BTW I think you are probably right in that the original target may be a bit of a stretch and I would cut it back and see how that went in testing first, especially on the larger time frames, will be interesting to see how it goes on the daily.

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Guest Zenforo

Thank you for the video. I have seen it and installed it. I am still a newbie using a demo account. So, I am learning from the video and I think I am making progress with the drawings. I think I will post a screenshot of how I did mine. I am yet to go live, but I will soon. 

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This is interesting and maybe my style of trading. I am trying it out on demo. Some observations and questions.

  1. The legs are subjective. Do you include minor retracements with the general swing? I guess it's all arbitrary, the larger the reference swing, the longer the position holding time will be. If you do fibs on a small swing, then the trading window is shorter, stops are closer and less reliable.
  2. If it already bounced at the 38.2% mark, do I discount the setup already? Or do I still wait if the bounce fizzles out (not breaking the Fib high/low) and goes further down to 50%?
  3. You seem to be betting on both sides of the market going long and short with no opinion on whether it's a continuation of a long uptrend, a reversal, or a short pause. You just take either long or short positions whenever a 50% bounce happens at whatever level. Is this right? Wouldn't it be better to bet just on the side of the longer trend? At the back of my mind, I kept thinking if I was actually betting against the market, hoping for a reversal instead of riding a continuation. Does anyone supplement this system with another long-term indicator?
Edited by jomni
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Hi @jomni,  you are right in that all technical drawing is subjective. My own thoughts are that the impulse leg should stand out from the prior price action on the chart and the size of which will depend on the time frame of the chart you are using. So even if the larger time frame charts say the impulse leg is small and against larger time frame trend it will still be relevant on the smaller time frame and you will just be expecting the duration of the trade to be shorter as the target is set in advance and is a ratio based on the length of the impulse leg.

With regards to point number 2, I would not be concerned about previous bounces at the lower fib levels and in fact consider that to be supportive, also in back testing I found price could still drop lower than 50% before recommencing in the direction of the impulse leg.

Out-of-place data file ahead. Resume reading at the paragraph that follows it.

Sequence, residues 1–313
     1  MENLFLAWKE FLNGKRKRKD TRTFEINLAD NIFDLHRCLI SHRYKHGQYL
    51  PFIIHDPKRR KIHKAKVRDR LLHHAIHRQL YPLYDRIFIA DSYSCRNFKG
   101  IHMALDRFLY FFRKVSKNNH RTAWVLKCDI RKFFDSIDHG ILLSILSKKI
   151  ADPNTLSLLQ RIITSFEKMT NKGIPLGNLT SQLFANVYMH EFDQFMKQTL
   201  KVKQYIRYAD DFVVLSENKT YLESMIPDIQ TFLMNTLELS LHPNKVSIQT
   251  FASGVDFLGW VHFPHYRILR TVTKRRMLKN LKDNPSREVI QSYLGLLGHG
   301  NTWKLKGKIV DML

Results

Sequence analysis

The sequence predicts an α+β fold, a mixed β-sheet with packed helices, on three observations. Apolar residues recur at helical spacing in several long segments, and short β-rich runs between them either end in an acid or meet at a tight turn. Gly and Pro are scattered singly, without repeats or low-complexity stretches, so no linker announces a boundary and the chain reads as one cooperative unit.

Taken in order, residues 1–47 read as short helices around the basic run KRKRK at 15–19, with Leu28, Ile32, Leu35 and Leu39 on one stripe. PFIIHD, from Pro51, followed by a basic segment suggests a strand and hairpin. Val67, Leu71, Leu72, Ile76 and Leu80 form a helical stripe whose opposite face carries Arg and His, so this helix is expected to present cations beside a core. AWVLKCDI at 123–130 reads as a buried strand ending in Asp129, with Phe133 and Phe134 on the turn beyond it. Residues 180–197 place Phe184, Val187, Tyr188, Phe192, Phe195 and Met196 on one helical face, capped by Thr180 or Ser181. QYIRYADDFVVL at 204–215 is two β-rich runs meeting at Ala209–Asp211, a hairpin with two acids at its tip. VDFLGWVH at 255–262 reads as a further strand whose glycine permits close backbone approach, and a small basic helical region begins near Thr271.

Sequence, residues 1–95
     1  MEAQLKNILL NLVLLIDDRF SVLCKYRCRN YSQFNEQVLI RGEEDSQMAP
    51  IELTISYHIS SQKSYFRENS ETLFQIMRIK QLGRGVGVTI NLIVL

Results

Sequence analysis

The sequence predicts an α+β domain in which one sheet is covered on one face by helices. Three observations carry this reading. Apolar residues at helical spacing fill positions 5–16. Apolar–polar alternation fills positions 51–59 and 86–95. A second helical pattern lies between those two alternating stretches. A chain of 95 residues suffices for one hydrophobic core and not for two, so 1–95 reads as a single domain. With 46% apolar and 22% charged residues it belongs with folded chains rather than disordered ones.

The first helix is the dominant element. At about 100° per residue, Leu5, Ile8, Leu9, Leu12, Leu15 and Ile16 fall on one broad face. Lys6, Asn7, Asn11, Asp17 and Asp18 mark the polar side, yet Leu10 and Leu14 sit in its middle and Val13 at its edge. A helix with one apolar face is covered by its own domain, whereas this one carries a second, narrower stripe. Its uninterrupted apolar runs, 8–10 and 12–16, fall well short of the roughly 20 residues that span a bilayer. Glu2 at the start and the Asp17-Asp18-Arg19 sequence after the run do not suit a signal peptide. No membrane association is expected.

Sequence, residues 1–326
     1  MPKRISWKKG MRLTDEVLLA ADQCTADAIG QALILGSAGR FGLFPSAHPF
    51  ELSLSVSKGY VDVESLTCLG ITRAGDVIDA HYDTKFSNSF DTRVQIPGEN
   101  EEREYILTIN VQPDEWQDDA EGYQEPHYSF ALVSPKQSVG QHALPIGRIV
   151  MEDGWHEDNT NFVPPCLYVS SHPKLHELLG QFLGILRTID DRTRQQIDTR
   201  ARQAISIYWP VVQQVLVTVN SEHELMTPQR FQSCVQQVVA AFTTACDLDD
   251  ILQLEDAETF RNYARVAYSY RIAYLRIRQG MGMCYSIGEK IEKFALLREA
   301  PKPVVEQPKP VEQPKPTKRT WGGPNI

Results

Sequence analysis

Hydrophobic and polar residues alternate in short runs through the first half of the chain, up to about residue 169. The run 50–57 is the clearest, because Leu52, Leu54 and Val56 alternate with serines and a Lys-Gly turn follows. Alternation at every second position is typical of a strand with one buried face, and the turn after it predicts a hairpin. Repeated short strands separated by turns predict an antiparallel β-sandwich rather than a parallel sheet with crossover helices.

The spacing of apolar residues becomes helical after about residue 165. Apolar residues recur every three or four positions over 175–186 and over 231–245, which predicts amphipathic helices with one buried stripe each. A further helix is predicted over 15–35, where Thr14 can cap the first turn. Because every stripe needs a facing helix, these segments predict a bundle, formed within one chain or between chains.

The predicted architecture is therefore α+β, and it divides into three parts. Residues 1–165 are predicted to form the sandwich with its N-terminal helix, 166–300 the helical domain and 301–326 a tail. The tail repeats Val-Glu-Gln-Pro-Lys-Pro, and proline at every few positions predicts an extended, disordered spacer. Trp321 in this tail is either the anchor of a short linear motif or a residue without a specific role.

The system is basically a way of entering on the first pullback of a potential new trend phase on the time frame of the chart you are watching.

As always testing over a reasonable number of trades will hone skills and determine the longer term validity of the system.

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I did end up with a long and a short for the same currency. I guess this acted as a hedge for sideways movement. If the trend clearly happens, one side gets stopped out and the other is making money. 🙃

Well, so far I have lost most of my trades. Is the target too high? There's no case where I achieved it. 😭

Edited by jomni
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Hi @jomni, that's interesting, what market and time frame are you using? The target may be too high, the system says 3 x the 0 to 50% value so check to see if 2 x might be a better target.

You may get new entries before the current trade is closed but they shouldn't really be in the opposite direction. A new impulse leg should be outstanding on the chart, a new impulse leg in the opposite direction would have to be really outstanding or it wouldn't be outstanding if you get my meaning.

As discussed previously fibs can be a bit subjective and there is a bit of an art to it gained through practice. The chart below is the 4 hour eurusd. In the first example the impulse leg needed to be redrawn 3 times because the pullbacks just petered out. In the second example there was initially a short leg down but not outstanding so waited til was able to draw a longer leg. The 2 50% entry levels are marked with a down arrow.



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Hi @jomni,  the system (if it works) shouldn't be time frame dependent, I just used the 4 hour because it happened to be open in front of me. Really just wanted to show that the drawing of the impulse leg often needs regular reappraisal (as does any technical drawing on a chart), and that there will be continuous attempts to turn price that fail and that we are looking for a meaningful retracement off an outstanding (preferably out of a period of consolidation) move in either direction that may be signalling the start of a new trend . 

I usually look for a retracement to end between 40 and 60% as having the most likelihood of success, what the system is saying is to look for big players who are acting at the 50% and just go with then with a large stop (back at the start of the impulse leg).